Thank you for helping me be strong enough to remove my “I’m okay” mask sometimes and helping me raise awareness. It is truly empowering and that’s one of my key habits to develop for this year. Y’all are awesome! 😀

Better Days Ahead

Hi there!  First, I want to apologize for being away for so long.  I had to take a break from blogging because when I first started this blog I meant for it to always be a fun, uplifting little blog that gave a look behind the scenes of the sometimes crazy bath and body product creative process.  I was in a dark place though and knew that anything I wrote would reflect that, and I didn’t want to spread that.  So I just slipped away for a while.

 

Things got really bad for a few months.  As in, I even considered committing suicide when all of the medical stuff got overwhelming and some personal emotions caused it all to topple over.  Thankfully I was cognizant enough to call my mom and when I said I needed her she was here within minutes and I took some clonazepam to help tame the emotional side.  Between a mother’s love and hugs, and a great sedative, I was able to get through the night and we made some plans for dealing with everything.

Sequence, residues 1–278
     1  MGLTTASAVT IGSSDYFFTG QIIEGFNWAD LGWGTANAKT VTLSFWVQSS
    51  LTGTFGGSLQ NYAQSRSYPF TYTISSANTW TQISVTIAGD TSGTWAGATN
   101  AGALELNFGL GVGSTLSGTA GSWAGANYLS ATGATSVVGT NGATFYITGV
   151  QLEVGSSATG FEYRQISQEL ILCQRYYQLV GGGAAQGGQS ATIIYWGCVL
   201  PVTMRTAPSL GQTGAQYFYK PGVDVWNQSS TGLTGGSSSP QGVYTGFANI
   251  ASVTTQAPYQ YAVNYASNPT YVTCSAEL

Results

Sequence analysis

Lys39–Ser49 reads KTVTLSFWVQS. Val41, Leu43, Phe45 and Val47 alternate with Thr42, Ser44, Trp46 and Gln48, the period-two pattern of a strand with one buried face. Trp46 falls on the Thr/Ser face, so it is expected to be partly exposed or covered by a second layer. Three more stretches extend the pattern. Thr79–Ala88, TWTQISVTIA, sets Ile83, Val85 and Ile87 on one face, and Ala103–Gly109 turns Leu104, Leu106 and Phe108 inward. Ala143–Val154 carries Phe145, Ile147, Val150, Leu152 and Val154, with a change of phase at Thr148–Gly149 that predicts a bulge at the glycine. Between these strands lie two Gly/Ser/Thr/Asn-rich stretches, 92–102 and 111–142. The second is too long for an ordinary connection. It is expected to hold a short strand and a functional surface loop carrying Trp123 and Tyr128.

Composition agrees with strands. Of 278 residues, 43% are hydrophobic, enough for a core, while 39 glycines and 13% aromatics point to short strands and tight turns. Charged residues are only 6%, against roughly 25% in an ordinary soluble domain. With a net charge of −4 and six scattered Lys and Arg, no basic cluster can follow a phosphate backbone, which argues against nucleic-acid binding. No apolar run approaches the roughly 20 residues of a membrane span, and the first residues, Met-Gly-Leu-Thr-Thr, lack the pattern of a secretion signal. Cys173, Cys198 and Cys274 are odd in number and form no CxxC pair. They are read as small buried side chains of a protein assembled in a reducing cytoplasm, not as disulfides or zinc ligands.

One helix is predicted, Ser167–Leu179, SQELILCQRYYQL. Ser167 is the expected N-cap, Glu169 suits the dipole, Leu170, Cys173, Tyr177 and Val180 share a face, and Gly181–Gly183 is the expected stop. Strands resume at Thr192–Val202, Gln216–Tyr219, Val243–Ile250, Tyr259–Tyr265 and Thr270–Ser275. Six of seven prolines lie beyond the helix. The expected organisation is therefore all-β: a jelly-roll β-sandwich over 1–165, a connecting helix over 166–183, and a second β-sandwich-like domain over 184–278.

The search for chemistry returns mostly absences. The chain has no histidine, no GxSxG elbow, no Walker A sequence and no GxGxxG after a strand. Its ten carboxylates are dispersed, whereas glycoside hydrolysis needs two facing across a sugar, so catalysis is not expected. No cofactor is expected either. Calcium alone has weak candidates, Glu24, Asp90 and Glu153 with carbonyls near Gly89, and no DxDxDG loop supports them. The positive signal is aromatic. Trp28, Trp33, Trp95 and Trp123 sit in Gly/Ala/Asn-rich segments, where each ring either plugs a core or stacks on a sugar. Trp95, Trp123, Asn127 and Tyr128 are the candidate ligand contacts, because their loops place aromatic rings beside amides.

I was able to track down my former psychiatrist at her new business and was able to get an appointment really quickly.  Within the first few minutes she saw that my medical team had really let me down and took over until I could find some new doctors.  It turns out that I had been diagnosed with hypothyroidism over a year ago and not a single doctor had treated it or even notified me of it.  I actually found it by reviewing my records so that I could provide her with any records that might help her.  She was shocked that no one had treated the condition and immediately prescribed something to help, and it turns out that my Fibro had supposedly gotten so debilitating because I actually had a whole other condition attacking my body!  Basically hypothyroidism means that the thyroid isn’t working right, so it’s not handling the metabolism, hormones, etc., correctly.  Untreated I was gaining weight even when I was unable to eat and was unable to function, since I had no nourishment and my body was in such turmoil.